Now that I think about it, I probably learned calligraphy not because I had no friends and no meaningful contact with girls – which was not fantastic – but because anything written in calligraphy has to be treated with a fair amount of gravity. I can make a shopping list look like Eurystheus’ list of the Twelve Labours of Hercules.

Anyway, I did find something I wanted to buy: the yellow “SLOW – CHILDREN PLAYING” sign you see near playgrounds. Y’see, at the farm, we live off a state route that is something of a thoroughfare to the Berkshires. Even though the speed limit is 40, trucks barrel down our street doing 75 fuckin’ miles an hour, and it pisses me off. It’s loud, and we always have young kids chasing balls around, which makes me want to blow the truckers’ cab into bits with a sawed-off shotgun.

I doubt the town council or anybody else will have a problem with a couple of these signs on the road, unless somebody has some serious control freak issues, and I can guarantee one thing: I’ll beat them in that category every time.

I know this makes me sound like the dribbling, stupefying NIMBY Concerned Parent buttwipe that screams at “undesirables” as they pass his blue-lawn McMansion. But I assure you that isn’t true. I speed in my car with the best of them, and I still listen to my music loud, and I still like a nice Sun Country wine cooler while getting my chest waxed by the cabana boy with the Pet Shop Boys on the iPod. But I am definitely not into some fucking trucker jack-knifing into our yard while there’s toddlers afoot.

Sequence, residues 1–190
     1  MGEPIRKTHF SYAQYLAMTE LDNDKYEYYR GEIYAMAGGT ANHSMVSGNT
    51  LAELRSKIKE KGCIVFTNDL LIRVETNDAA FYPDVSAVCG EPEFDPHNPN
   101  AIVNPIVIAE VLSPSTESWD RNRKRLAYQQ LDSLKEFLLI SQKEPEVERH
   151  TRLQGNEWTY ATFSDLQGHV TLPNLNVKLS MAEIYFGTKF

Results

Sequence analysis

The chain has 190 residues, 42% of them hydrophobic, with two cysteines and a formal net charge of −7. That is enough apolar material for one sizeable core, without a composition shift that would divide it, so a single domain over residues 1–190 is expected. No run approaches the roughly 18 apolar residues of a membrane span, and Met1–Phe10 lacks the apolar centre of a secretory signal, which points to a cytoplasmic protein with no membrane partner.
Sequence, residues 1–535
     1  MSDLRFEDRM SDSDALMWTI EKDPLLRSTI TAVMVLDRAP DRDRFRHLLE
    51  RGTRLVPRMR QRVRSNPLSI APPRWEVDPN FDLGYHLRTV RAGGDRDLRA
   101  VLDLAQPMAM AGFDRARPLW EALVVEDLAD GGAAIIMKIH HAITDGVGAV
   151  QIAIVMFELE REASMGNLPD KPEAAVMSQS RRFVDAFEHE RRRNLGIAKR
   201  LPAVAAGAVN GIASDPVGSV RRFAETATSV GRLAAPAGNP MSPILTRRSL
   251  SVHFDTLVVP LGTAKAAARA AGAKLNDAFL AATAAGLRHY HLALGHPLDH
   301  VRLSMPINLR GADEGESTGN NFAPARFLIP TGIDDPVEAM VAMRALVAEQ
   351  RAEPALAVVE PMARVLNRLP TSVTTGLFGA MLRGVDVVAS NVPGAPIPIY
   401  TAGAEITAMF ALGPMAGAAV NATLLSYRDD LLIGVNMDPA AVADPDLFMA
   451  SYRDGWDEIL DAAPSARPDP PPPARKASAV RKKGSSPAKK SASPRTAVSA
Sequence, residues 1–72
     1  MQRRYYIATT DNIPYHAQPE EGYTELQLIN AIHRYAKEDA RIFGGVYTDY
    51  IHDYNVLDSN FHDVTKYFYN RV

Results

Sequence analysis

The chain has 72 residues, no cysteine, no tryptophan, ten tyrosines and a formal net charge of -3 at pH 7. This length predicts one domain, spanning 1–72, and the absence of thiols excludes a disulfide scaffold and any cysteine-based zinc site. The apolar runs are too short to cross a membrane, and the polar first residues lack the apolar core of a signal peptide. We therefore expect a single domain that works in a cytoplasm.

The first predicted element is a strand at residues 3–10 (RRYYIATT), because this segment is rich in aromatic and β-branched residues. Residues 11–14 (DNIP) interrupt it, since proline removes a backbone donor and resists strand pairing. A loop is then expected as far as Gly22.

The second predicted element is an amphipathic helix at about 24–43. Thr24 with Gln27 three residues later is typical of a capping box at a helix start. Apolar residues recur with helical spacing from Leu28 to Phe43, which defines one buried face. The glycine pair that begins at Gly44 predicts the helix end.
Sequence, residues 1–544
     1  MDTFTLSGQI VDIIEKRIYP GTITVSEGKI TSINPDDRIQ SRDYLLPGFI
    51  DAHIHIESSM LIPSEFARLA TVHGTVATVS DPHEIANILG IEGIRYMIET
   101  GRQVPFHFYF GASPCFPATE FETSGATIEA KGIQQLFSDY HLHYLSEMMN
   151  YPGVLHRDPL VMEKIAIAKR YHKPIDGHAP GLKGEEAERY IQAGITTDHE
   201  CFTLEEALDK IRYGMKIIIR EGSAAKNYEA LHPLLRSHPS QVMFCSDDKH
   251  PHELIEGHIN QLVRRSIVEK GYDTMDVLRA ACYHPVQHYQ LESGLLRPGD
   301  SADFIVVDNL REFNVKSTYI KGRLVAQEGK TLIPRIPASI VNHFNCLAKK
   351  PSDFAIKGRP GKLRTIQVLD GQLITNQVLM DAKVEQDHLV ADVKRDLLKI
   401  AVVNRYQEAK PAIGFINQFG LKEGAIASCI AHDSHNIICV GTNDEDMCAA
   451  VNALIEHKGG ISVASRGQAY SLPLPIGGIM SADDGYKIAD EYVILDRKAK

Besides, the Peachtree Parking Supplies catalog has stuff for the real ninny fartypants among us. If you install these on your property, well, sir, you are truly a dick:

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hold that thought

7/25/10

Tessa once said something to me that has resonated for about ten years now. I was having a terrible time at my Internet Job, continually feeling like the Marketing department was going out of its way to make me look bad, rendering me ever-mindful that the axe was about to fall (the half-and-half had already disappeared). After a particularly nasty day of passive-aggressive bullshit, I came home and Tessa calmly said, “you know, just wait it out… pretty soon the person making you miserable gets fired, or moves on. No matter what, the situation always changes.”

The person in Marketing left nine days later. Which, of course, was a coincidence, but the point stands: pretty much every state in America says “if you don’t like the weather, wait five minutes”. Buddhist say the same things, only they don’t have to.